Who were these Americans? Many of them were “downwinders”—people whose towns and cities were located near U.S. nuclear testing sites and, thus, were contaminated by deadly clouds of nuclear fallout carried along by the wind. During the 1950s, the U.S. government conducted close to a hundred atmospheric nuclear explosions at its Nevada test site. Nearly 30 percent of the radioactive debris drifted over the towns to the east, which housed a population of roughly 100,000 people. The residents of St. George, Utah recalled that a “pink cloud” would hang over them while they worked amid the fallout, walked in it, breathed it, washed their clothes in it, and ate it. “Even the little children ate the snow,” recalled one resident. “They didn’t know it was going to kill them later on.”
During subsequent decades, leukemia and other cancer rates soared in the counties adjoining the Nevada test site, as they did among the 250,000 U.S. soldiers exposed to U.S. nuclear weapons tests. From the standpoint of U.S. military commanders, it was vital to place American soldiers close to U.S. nuclear explosions to get them ready to fight in a nuclear war. Subsequently, as many of these soldiers developed cancer, had children with birth defects, or died, they and their family members organized atomic veterans’ groups to demand that the federal government provide medical care and financial compensation for their suffering. Today, atomic veterans receive both from the federal government.
Uranium miners comprise yet another group of Americans who have suffered and died from the U.S. nuclear weapons program. To obtain the uranium ore necessary to build nuclear weapons, the U.S. government operated thousands of uranium mines, often on the lands of Native Americans, many of whom worked as miners and died premature deaths. The U.S. Public Health Service and the National Institute for Public Safety and Health conducted studies of uranium miners that discovered alarmingly high rates of deaths from lung cancer, other lung diseases, tuberculosis, emphysema, blood disease, and injuries. In addition, when the uranium mines were played out or abandoned for other reasons, they were often left as open pits, thereby polluting the air, land, and water of the surrounding communities with radiation and heavy metals.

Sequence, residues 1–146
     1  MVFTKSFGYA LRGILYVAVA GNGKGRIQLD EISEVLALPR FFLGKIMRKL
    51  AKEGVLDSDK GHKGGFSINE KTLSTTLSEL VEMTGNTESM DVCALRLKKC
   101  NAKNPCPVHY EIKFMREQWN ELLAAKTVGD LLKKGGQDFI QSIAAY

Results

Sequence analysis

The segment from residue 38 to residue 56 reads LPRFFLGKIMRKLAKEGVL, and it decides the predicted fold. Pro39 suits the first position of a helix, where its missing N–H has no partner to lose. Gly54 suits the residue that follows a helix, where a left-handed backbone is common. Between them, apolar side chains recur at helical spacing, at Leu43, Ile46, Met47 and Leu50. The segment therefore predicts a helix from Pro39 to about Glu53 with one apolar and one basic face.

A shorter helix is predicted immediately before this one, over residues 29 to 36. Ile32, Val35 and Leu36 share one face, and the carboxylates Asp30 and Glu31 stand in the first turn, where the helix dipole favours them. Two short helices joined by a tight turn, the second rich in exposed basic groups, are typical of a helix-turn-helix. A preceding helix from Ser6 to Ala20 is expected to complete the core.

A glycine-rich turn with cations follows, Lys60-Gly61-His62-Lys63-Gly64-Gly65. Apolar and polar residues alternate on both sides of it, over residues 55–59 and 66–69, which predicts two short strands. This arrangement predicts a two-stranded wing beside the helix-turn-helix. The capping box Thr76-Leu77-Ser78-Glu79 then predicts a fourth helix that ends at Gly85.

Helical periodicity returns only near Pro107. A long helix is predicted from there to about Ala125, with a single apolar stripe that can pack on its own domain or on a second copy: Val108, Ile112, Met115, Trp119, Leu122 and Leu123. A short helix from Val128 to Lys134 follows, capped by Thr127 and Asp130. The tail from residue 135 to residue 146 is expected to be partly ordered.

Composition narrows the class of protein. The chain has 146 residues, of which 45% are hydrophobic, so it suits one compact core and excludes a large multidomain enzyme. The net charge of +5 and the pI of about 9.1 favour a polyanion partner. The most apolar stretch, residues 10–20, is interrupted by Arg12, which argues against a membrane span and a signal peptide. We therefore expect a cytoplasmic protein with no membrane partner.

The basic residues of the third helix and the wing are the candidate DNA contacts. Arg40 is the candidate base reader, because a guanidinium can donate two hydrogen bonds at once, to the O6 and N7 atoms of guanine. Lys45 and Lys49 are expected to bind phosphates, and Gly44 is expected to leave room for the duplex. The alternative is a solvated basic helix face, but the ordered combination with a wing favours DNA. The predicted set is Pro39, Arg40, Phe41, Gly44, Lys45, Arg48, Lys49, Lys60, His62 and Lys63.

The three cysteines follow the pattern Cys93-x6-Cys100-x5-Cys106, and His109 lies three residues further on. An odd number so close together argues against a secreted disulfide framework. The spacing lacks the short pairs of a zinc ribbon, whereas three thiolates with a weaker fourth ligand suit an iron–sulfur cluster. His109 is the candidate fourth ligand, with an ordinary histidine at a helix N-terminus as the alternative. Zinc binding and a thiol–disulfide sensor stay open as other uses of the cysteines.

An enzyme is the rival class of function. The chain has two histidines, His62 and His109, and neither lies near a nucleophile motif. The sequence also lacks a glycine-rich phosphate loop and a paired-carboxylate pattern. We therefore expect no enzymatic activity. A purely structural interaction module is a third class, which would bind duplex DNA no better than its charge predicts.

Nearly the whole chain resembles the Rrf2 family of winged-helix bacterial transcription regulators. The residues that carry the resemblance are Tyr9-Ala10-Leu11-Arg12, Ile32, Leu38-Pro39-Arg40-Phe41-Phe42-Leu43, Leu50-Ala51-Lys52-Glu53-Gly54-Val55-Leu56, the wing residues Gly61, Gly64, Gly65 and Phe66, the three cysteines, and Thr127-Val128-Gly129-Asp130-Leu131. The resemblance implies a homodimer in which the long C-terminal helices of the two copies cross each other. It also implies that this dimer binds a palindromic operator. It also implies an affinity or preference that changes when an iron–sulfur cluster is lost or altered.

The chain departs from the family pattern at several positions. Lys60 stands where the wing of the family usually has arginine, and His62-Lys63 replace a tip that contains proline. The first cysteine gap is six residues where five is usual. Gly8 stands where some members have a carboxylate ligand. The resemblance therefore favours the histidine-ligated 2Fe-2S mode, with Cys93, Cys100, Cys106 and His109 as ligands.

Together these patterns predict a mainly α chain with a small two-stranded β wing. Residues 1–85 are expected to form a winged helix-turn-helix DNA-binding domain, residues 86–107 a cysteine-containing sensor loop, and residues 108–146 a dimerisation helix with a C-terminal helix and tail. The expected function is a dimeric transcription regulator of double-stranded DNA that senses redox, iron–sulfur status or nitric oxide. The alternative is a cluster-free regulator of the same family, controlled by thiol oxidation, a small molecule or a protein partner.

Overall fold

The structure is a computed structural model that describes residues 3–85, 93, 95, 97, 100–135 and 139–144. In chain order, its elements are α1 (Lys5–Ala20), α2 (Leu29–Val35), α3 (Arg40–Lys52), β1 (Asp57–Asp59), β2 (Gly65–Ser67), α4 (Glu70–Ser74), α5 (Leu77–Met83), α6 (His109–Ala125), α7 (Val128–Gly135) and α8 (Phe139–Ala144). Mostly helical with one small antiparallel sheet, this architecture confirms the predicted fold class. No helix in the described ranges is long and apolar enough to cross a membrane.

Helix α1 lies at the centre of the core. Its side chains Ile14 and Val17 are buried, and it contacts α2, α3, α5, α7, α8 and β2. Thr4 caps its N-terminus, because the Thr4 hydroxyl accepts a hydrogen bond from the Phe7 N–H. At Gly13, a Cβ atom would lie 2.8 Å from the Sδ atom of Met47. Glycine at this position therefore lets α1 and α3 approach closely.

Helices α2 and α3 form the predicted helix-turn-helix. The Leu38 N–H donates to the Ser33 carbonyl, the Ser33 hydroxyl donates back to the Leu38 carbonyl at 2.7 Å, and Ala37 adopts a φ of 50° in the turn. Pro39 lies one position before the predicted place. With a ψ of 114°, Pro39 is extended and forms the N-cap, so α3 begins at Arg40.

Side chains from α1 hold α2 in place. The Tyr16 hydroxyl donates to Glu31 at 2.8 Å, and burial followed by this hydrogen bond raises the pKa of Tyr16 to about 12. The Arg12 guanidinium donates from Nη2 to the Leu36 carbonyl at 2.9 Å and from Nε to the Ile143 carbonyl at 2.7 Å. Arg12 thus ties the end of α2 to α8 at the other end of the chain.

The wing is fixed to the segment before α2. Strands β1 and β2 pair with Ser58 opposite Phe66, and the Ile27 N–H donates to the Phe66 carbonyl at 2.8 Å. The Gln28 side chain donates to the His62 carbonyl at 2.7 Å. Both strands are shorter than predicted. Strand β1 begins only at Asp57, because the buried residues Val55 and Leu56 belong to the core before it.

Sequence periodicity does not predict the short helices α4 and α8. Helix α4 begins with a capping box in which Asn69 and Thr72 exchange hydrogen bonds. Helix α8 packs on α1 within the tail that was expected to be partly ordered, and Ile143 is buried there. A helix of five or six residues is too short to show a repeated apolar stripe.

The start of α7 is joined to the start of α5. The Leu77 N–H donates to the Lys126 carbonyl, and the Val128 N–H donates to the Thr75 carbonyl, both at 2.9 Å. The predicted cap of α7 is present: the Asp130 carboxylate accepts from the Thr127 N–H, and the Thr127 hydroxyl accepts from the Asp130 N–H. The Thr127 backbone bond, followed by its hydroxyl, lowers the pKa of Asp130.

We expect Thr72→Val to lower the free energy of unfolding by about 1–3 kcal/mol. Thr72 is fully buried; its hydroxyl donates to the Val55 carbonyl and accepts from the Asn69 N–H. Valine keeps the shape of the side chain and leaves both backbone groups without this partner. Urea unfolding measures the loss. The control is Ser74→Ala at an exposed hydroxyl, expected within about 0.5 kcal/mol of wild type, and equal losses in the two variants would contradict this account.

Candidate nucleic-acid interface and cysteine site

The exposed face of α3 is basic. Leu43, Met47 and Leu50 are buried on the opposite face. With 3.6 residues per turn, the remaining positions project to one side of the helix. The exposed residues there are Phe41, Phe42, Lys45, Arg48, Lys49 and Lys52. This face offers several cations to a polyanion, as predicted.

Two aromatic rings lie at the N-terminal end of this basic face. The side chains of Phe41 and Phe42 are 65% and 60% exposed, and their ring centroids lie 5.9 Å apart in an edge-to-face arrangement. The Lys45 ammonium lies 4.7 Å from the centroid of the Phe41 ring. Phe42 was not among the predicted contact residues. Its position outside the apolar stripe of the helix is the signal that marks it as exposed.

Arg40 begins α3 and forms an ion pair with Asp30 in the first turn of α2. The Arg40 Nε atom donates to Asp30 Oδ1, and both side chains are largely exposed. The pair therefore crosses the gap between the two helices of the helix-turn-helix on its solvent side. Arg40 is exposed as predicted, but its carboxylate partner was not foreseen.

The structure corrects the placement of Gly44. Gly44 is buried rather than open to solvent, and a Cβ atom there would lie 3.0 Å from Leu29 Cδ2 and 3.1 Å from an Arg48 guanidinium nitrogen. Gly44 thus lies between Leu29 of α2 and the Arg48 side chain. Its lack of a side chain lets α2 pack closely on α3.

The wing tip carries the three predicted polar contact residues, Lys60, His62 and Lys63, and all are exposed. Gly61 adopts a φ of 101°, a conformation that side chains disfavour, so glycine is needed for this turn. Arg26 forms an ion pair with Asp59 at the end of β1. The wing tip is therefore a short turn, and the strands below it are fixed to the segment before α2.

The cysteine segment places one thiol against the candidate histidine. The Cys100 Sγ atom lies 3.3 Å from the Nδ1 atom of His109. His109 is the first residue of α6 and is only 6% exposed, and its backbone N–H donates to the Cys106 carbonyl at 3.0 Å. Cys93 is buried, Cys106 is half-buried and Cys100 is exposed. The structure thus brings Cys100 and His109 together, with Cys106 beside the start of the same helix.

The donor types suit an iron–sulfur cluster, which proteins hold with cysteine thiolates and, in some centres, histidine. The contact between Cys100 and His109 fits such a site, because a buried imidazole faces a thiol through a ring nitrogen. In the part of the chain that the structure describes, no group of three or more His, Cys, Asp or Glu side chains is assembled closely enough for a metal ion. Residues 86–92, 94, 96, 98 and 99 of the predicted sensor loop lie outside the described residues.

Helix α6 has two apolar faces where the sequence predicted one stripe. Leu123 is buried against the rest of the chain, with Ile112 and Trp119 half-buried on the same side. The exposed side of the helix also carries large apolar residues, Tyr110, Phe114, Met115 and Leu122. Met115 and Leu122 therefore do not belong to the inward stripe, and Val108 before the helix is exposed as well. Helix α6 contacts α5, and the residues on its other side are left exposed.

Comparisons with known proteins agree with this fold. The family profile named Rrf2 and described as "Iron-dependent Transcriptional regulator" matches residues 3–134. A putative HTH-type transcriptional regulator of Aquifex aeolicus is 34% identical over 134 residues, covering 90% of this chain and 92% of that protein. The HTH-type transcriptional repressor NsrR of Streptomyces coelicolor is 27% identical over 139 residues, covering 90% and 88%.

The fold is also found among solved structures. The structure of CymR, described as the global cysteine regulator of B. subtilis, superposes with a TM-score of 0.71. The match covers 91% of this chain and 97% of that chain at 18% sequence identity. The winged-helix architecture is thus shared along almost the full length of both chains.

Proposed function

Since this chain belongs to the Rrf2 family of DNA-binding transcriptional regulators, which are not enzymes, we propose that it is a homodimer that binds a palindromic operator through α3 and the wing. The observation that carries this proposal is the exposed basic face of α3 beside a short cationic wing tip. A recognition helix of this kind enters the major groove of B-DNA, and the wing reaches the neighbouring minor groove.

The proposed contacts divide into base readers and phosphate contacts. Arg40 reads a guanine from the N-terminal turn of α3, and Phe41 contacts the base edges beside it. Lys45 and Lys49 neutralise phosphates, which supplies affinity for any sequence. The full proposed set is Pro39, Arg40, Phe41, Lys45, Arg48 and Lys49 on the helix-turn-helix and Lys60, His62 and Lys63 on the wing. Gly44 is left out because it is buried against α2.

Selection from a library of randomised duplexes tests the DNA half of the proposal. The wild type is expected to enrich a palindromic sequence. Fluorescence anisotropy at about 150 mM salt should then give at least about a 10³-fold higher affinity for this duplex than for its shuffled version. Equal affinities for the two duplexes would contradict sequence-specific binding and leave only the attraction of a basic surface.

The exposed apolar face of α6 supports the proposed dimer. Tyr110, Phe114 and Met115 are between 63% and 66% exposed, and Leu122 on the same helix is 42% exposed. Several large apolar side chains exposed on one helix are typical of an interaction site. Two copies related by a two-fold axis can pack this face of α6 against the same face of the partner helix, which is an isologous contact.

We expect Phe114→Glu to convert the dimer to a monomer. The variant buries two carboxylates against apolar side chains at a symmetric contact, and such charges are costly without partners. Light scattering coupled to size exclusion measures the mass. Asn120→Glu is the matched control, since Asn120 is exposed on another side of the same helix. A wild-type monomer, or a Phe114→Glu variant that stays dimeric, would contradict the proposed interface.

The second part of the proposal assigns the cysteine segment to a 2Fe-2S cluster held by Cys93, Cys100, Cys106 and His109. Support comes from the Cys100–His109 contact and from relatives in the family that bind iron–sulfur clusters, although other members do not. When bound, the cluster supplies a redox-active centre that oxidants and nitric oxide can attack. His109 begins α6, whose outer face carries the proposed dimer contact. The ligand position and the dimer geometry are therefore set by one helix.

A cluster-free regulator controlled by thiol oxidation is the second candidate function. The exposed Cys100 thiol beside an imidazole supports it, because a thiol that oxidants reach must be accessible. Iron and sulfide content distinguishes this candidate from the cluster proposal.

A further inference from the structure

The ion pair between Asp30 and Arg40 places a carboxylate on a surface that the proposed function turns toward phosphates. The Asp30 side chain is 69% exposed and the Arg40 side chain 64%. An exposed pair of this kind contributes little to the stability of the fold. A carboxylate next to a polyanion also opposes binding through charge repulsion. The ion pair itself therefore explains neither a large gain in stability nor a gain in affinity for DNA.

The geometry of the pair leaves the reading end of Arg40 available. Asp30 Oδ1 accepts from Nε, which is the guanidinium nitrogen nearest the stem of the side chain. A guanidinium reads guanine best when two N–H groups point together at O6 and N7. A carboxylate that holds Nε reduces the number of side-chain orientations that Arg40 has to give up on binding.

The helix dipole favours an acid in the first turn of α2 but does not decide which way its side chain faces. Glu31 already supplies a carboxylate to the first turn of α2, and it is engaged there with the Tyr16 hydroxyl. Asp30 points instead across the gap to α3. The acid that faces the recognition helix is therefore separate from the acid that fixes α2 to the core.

This American nuclear catastrophe is not only a matter of the past, but seems likely to continue well into the future. The U.S. government is now beginning a $1 trillion program to “modernize” its nuclear weapons complex. This involves building new nuclear weapons factories and labs, as well as churning out new nuclear weapons and warheads for firing from the air, land, and sea. Of course, if these weapons and their overseas counterparts are used, they will destroy the world. But, as we have seen, even when they are not used in war, they exact a dreadful toll—in the United States and, it should be noted, in other nations around the world.
How long are people going to tolerate this nuclear tragedy?
Lawrence S. Wittner is Professor of History emeritus at SUNY/Albany.
SALFIT – The Ariel settlement university has continued to pour its harmful chemical waste through its sewer system onto Palestinian agricultural land in al-Matwi Valley in Salfit province, local sources complained on Sunday.